"Pickering has also argued for a more narrow application of the Voting Rights Act and suggested that, generally, discrimination cases have no bases.

"On January 16, 2004, President Bush bypassed Senate approval and used his recess appointment powers to seat Pickering."

Priscilla Owen
"President Bush first nominated Texas Supreme Court Justice Priscilla Owen during the 107th Congress. She received a hearing before the Senate Judiciary Committee, which eventually declined her nomination. In early January 2003, a coalition of civil rights groups wrote a letter to President Bush, urging him not to renominate Justice Owen, in part because her opinions ‘reveal a troubling hostility to discrimination and employee rights.' Another observer noted that ‘her judicial record suggests strongly that she lacks a commitment to equal access to justice for all.' Nearly 40 organizations, including the NAACP, the Mexican American Legal Defense and Educational Fund, the National Women's Law Center, the National Council of Jewish Women, and the National Employment Lawyers Association, oppose Owen's nomination. Despite these objections, President Bush renominated her. In April 2003, the Senate Judiciary Committee approved Owen, but she has yet to receive a vote before the full Senate."

Jeffrey Sutton
"The Senate confirmed Jeffrey Sutton to the Sixth Circuit Court of Appeals over the protestations of more than 70 national groups and 375 regional, state, and local organizations, including the NAACP, the National Organization on Disability, among other disability rights groups, and environmental justice organizations. These groups expressed concern that Sutton's legal views would curtail Congress' ability to enforce federal protections against discrimination. He has argued against allowing private individuals to sue to enforce the disparate impact regulations of Title VI of the Civil Rights Act of 1964, and for placing limitations on the ability of state employees who are victims of age discrimination to recover damages.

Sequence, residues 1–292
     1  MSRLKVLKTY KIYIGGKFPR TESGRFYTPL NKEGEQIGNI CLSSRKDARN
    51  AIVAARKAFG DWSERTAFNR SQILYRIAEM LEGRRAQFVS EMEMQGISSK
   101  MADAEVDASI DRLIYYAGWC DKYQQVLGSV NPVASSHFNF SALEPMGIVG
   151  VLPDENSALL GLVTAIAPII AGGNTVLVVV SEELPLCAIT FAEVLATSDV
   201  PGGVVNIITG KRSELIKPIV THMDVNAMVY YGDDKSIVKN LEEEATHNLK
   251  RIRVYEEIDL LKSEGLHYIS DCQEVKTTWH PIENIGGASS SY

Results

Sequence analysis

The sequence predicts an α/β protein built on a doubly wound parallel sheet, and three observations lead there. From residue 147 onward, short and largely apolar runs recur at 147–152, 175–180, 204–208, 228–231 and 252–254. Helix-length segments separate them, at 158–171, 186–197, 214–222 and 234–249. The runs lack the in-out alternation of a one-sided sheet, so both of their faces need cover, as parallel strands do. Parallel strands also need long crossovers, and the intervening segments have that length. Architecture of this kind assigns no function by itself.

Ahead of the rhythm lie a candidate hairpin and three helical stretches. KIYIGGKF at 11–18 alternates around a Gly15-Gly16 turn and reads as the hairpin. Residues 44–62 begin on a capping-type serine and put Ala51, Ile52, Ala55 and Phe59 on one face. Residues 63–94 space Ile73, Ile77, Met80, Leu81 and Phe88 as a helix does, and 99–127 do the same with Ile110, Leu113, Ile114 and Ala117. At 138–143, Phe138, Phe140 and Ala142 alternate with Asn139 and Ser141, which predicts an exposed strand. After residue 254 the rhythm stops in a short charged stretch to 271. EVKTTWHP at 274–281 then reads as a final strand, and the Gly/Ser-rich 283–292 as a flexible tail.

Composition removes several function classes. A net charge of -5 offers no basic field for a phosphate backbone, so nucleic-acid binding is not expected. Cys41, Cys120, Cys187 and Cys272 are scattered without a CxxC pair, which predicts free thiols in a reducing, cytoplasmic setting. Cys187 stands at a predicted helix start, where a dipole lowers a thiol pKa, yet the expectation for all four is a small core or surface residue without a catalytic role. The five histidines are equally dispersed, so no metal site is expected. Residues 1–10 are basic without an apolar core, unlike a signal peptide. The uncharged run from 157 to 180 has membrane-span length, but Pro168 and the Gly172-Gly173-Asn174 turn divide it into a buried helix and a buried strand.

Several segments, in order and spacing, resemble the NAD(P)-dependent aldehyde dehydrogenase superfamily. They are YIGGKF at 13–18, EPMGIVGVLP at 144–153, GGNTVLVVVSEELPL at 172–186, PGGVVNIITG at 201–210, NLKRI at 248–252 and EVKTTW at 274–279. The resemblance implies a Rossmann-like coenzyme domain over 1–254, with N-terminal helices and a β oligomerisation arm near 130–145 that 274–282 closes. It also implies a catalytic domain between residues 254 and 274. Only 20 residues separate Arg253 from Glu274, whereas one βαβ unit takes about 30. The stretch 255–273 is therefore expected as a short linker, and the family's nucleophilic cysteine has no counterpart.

"He argued furthermore that ADA prohibitions should not apply to state governments despite overwhelming evidence of discrimination by state actors."

Miguel Estrada
"Estrada did not reveal his views on landmark Supreme Court decisions, and the White House refused to answer questions about his judicial philosophy or release memos he wrote during his tenure in the solicitor general's office in the Bush Sr. administration."

Janice Rogers Brown
"Despite opposition from nearly 80 national organizations and more than 200 law professors and legal academicians, President Bush nominated Janice Rogers Brown for a seat on the U.S. Court of Appeals for the D.C. Circuit in July 2003. As a judge on the California Supreme Court, Brown consistently demonstrated hostility to affirmative action, civil rights, and the rights of disabled individuals, workers, prisoners, and women, according to the Leadership Conference on Civil Rights. In an affirmative action case in California, a fellow Republican-appointed justice, despite concurring with the result of the case, described her view as "a serious distortion of history." In that case, not only did Brown issue a lengthy opinion opposing affirmative action programs, but she also strongly condemned Supreme Court decisions that had upheld such programs in the public sector, even in limited circumstances."